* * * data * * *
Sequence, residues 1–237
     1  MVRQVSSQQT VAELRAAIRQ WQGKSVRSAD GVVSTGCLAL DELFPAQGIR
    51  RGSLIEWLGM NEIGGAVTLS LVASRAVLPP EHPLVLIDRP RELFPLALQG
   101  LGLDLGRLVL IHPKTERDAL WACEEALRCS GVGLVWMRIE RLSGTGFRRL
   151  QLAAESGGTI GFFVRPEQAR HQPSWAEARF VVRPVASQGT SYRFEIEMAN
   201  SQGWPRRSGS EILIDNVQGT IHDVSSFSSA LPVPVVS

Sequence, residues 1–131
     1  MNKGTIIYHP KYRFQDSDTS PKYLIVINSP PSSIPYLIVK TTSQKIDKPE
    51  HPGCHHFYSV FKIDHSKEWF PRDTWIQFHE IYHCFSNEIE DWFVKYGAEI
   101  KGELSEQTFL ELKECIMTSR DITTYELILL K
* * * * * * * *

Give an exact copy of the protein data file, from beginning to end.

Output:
Sequence, residues 1–237
     1  MVRQVSSQQT VAELRAAIRQ WQGKSVRSAD GVVSTGCLAL DELFPAQGIR
    51  RGSLIEWLGM NEIGGAVTLS LVASRAVLPP EHPLVLIDRP RELFPLALQG
   101  LGLDLGRLVL IHPKTERDAL WACEEALRCS GVGLVWMRIE RLSGTGFRRL
   151  QLAAESGGTI GFFVRPEQAR HQPSWAEARF VVRPVASQGT SYRFEIEMAN
   201  SQGWPRRSGS EILIDNVQGT IHDVSSFSSA LPVPVVS

Sequence, residues 1–131
     1  MNKGTIIYHP KYRFQDSDTS PKYLIVINSP PSSIPYLIVK TTSQKIDKPE
    51  HPGCHHFYSV FKIDHSKEWF PRDTWIQFHE IYHCFSNEIE DWFVKYGAEI
   101  KGELSEQTFL ELKECIMTSR DITTYELILL K